The Author traces the history and development of ferrocement and of reinforced and prestressed concrete as hull materials for a wide range of floating structures. The distinct characteristics of shipbuilding concrete in terms of materials properties, design, construction techniques, hull shape, size, and weight are critically examined in relation to cargoes carried, special uses, and short and long term operational behaviour. Experience of concrete hulls indicates two major areas for closer examination and caution in design--impact behavior and weight. Impact resistance can be improved at extra cost, but the naval architect must move to shapes more able to resist the complex stresses at sea and use higher strength and lower density concrete, if concrete ships are to compete operationally with steel vessels. An extensive list of references in included. Order from: BSRA as No. 47,918.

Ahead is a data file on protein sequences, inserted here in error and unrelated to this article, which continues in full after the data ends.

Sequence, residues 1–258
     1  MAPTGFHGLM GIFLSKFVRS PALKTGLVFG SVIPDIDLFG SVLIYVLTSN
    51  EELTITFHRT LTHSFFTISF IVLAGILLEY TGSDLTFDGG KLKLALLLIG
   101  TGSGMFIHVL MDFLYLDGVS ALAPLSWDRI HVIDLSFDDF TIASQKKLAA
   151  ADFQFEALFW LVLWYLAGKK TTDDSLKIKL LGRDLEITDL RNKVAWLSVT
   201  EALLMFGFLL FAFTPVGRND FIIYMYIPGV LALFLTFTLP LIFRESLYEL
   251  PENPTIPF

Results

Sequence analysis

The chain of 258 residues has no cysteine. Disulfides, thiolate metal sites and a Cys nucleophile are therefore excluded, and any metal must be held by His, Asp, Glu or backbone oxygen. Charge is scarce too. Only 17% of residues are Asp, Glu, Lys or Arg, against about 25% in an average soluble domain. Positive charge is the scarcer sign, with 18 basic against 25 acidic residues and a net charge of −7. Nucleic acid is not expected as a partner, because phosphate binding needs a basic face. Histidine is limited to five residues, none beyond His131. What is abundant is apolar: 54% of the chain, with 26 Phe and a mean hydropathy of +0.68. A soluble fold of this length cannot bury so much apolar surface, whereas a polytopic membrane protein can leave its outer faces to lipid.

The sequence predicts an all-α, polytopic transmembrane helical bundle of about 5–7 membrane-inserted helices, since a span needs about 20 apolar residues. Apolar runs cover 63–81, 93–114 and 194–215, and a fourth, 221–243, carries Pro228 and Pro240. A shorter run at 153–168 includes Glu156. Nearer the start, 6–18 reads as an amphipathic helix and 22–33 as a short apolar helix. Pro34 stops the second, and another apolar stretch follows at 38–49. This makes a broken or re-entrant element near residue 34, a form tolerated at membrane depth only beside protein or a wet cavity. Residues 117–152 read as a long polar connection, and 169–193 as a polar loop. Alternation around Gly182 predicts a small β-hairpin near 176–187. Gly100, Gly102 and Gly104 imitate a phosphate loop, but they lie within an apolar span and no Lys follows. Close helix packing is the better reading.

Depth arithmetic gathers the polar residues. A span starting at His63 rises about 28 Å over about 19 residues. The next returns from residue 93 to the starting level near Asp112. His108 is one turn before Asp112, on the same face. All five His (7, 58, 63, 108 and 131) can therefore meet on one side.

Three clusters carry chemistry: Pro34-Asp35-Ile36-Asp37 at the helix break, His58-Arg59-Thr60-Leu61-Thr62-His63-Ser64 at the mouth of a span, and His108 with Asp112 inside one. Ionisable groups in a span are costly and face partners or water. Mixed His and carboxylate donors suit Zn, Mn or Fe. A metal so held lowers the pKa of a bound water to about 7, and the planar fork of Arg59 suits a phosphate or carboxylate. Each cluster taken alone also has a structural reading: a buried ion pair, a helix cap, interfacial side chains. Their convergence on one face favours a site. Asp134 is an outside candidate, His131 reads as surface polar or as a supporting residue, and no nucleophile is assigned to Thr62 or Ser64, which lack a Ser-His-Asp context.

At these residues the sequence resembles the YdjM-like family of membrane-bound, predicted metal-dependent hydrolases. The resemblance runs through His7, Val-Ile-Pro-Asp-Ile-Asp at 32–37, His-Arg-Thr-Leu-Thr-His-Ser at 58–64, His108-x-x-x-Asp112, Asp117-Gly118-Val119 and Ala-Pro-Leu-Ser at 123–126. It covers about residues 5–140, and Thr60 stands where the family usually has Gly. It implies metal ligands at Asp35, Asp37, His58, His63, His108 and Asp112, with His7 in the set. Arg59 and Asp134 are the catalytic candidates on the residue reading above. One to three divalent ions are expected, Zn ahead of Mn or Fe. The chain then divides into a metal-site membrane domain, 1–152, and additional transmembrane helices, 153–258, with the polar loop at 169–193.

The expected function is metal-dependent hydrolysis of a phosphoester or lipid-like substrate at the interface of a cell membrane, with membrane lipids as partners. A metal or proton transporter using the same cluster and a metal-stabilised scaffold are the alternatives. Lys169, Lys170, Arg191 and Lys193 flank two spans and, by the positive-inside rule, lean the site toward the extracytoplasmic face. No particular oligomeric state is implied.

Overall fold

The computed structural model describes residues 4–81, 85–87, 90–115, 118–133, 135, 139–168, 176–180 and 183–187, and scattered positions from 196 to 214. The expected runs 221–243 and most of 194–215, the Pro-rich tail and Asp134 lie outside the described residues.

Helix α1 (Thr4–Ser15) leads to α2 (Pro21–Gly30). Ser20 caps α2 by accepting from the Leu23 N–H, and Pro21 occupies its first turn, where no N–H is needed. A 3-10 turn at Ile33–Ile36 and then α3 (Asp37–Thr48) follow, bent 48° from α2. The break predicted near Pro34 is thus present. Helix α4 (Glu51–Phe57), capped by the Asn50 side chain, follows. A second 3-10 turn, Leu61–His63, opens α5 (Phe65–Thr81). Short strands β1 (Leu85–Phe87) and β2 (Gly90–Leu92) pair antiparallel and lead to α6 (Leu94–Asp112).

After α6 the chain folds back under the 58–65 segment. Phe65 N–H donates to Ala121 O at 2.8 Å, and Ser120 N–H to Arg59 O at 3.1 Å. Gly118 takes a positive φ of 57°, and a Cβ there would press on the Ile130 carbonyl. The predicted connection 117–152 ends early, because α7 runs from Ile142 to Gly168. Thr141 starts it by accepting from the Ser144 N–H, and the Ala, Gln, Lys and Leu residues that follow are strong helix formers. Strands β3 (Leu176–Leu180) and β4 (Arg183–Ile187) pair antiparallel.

• Supplemental Notes:
    • From Concrete Afloat, Proceedings of Conference on Concrete Ships and Floating Structures organized by the the Concrete Society and the R.I.N.A., London, March 3-4, 1977.
  • Corporate Authors:

    Royal Institution of Naval Architects, England

    10 Upper Belgrave Street
    London SW1X 8BQ,   England 
  • Authors:
    • Morgan, R G
  • Publication Date: 1977

Media Info

  • Features: References;
  • Pagination: 21 p.

Subject/Index Terms

Filing Info

  • Accession Number: 00174232
  • Record Type: Publication
  • Source Agency: British Ship Research Association
  • Report/Paper Numbers: Proceeding
  • Files: TRIS
  • Created Date: May 31 2001 12:00AM